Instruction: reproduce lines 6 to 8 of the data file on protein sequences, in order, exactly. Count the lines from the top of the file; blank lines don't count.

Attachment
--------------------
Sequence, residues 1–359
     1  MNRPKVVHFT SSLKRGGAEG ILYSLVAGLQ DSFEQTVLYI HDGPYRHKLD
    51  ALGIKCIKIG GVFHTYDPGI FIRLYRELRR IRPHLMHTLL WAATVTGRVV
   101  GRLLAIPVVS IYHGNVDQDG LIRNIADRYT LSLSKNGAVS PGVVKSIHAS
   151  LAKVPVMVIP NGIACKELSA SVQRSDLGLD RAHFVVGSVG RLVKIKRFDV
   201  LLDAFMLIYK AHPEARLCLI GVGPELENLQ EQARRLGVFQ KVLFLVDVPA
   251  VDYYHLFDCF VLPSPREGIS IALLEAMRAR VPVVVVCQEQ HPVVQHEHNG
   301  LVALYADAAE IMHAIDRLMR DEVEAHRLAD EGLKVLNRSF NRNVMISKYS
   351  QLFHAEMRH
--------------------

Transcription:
   201  LLDAFMLIYK AHPEARLCLI GVGPELENLQ EQARRLGVFQ KVLFLVDVPA
   251  VDYYHLFDCF VLPSPREGIS IALLEAMRAR VPVVVVCQEQ HPVVQHEHNG
   301  LVALYADAAE IMHAIDRLMR DEVEAHRLAD EGLKVLNRSF NRNVMISKYS